We’re winding down in our journey through September’s chronicle of Hannah Comes to Town. On Saturday the 26th Hannah and I chose an easy day. Since the rabbit had been discovered and I hadn’t reconstructed its cage, the two humans in the house paid a visit to the 100 yen shop. Hannah and I browsed for a bit, laughing at all the terrible English that peppered the packaging and stationery, and I recall encouraging her to buy something she probably didn’t need.
In our western friend Seiyu the 100 yen shop is on the basement floor and the groceries are on the ground floor. With a few plastic table cloths in tow (remember how I bought a bed? The rabbit had to stay inside) Hannah and I made a tour of Seiyu’s finest foods. We picked up ingredients for cookies and Hannah found some weird foods to bring home. This is when I convinced her that a whole dried squid was an excellent gift for her brother-in-law. I think shopping with Hannah proved nothing if not that I would make an excellent trophy wife—if my husband is unable to think of a good reason to spend money, I’ll find one for him.
Japan’s most renowned donut establishment is Mr. Donut, an American-born chain that did much better overseas than in the motherland. Japanese donuts are a little different from their American brethren. There are fewer sprinkles (if any) and many more varieties of cake donuts. The love for mushy, or “mochi mochi” textures has infiltrated many of their donut creations, as has soy and matcha flavoring. Like curry, cake, and mayonnaise, donuts have become part of Japanese cuisine, and therefore Mr. Donut was a necessary stop on Hannah’s food tourism circuit.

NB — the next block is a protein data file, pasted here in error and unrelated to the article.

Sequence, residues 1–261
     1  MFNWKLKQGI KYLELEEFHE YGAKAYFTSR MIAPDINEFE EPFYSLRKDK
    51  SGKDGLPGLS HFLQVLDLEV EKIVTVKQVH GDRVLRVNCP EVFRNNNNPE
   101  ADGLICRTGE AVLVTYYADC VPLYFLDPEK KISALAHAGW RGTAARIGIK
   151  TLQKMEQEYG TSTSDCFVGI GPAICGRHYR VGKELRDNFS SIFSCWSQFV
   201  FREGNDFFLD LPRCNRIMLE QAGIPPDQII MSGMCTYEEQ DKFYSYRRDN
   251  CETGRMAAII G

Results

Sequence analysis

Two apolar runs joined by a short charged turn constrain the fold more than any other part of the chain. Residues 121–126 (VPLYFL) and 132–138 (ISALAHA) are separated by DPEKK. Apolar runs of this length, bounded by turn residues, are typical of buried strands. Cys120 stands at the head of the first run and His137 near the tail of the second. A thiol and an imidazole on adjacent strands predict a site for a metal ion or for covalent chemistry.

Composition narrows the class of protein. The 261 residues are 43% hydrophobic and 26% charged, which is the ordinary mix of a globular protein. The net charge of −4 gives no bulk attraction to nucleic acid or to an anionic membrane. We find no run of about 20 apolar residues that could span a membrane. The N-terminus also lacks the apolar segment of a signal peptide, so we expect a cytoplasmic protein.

After covering the new bed in plastic and making sure the rabbit had food and water I borrowed Margaret’s bike. Hannah and I set off for adventure. We swung by Mr. Do to grab a couple donuts apiece, then headed over to the nearby moat to eat our sweets and soak up the sun. We looked good doing it, too.
Since Hannah had yet to see much of Kameoka our next mission was a bike ride. We went up to the Galleria Kameoka, a large building that serves as both an expo and community center. There’s a chapel on the 3rd floor for weddings and a library on the first. It’s a beautiful, well-constructed building, which was made slightly less beautiful when I accidentally dropped the ice cream I’d purchased on the floor. Do you remember that episode of Reading Rainbow, the one that featured the book The Swamp Band (Mama don’ allow no music playin’ ‘round heeeeeeeere)? Lavar Burton was eating ice cream in a park, and the ice cream fell off the cone and landed on his shoe, and he looked so sad that I nearly cried the first time I saw it. It was like that. Except few tears and more scrambling to clean up the mess before someone noticed. And no alligators, which was both a relief and a disappointment.
Hannah and I ended up taking two routes that day. The first was to the Galleria using a roundabout back way to let Hannah see a variety of neighborhoods. After a break the second was across the Hozu river to an area that I don’t ever visit. I’ve been driven through the area on the way to Kameoka’s best cherry blossom site and another time to a taiko performance. Riding past the rice fields and elementary baseball games and traditional neighborhoods was nevertheless a first for me. Hannah and I pedaled around until we had decided it was time to be lazy in the privacy of my home. It was the kind of experience that I can’t describe without turning poetic and lyrical, and this just isn’t that type of story. Visit me and see what it’s like to ride with the late summer breeze at your back while the sun sets quietly behind the mountains, then stroll through a field of sunflowers and listen to the rustle of wind through dying leaves.
Then see what it’s like to rent a couple of movies from iTunes and eat nothing but fresh chocolate chip cookies for the rest of the night. It’s good, people. It’s good.